Escaping my first escape room: a real life point and click adventure

Escape room games seems to be popping up everywhere around the world. In Melbourne alone there are at least half a dozen companies now offering one or more puzzle rooms. Some appear to be horror themed while most take the premise of a detective story.

Recently I was invited by Escape Hunt in Melbourne to check out what the hype around escape rooms was all about.

When you think about it, escape rooms are kind of weird. You voluntarily pay money to go inside an enclosed space with the sole purpose of trying to come back out. Having said that, for the same reason why “escape the room” computer games are entertaining, it’s the process of some 60 minute of puzzle solving that’s actually very rewarding.

Graveyard WIP-2

A group of friends and I attempted “Abduction in the Graveyard”, one of the three puzzles available. We were provided a brief backstory together with character names and roles based on the world of Sherlock Holmes.

It’s a lie as good as Santa Claus – all pretty much useless but all in good fun.

Before going in, sixty minutes in a single room didn’t sound challenging enough, but when the LED clock high in the ceiling starts ticking down, there’s actually real pressure in the group to save the fictional girl from the kidnapper who threatens her life. Admittedly in this particular story there’s no real reason to “escape”, we’re just very financially-attached detectives.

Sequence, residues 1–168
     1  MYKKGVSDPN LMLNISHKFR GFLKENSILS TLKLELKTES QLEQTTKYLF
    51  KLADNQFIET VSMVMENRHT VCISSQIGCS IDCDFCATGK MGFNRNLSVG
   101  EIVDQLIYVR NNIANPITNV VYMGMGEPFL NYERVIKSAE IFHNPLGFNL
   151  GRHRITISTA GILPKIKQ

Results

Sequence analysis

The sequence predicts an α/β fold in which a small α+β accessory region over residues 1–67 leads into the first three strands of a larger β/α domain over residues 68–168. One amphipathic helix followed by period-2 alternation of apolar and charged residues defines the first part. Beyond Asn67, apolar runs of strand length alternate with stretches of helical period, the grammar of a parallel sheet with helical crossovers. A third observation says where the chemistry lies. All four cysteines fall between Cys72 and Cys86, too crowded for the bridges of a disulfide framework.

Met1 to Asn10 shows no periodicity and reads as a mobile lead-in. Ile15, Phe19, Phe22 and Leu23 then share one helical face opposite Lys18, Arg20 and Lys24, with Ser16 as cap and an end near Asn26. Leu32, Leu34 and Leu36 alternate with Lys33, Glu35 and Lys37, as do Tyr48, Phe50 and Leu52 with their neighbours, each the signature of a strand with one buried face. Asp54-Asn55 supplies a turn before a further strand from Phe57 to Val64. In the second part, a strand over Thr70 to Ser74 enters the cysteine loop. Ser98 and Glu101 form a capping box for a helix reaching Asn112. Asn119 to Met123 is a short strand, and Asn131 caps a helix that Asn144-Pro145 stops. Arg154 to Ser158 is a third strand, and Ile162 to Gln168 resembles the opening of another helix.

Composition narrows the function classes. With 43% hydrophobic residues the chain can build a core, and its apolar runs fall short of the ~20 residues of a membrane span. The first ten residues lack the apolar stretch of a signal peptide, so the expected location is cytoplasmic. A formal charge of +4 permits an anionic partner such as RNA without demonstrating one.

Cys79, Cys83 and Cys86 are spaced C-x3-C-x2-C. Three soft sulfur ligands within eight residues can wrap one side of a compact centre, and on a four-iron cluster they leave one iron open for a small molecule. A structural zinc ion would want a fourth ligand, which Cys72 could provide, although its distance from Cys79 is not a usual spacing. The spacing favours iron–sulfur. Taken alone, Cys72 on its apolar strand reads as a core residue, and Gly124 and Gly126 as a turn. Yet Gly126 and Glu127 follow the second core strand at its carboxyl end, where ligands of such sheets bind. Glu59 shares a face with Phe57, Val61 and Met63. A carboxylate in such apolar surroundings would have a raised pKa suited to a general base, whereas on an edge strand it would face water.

Puzzles led to clues, clues led to more puzzles. This process repeats over and over, becoming more elaborate and integrating more game mechanics that you pick up over time. (Just like the difficulty progression of a computer adventure game).

The puzzles and props included but is not limited to physical, auditory, visual, mathematical, and it would be criminal not to have a UV puzzles. If only the kidnappers actually invested their money instead of buying elaborate combination locks, maybe they wouldn’t need to abduct people for ransom.

While we conquered many challenges in a reasonable time, a small handful actually challenged the group’s collective problem solving. In two occasions, a well-timed hint from the intercom with the game master (spectating through CCTV cameras) was necessary to steer us in the right direction. In the end, our group’s first ever attempt took 63 minutes, a tad slower than average.

I must admit there were real moments of frustration but also real moments of accomplishment with your friends. The price is admission is a bit higher than your typical casual entertainment, say the price of a movie ticket, but it was a much more memorable experience.

I can’t wait to get locked in another room.

Disclosure: The game my friends and I participated in was provided for free by Escape Hunt Melbourne.

2 insightful thoughts

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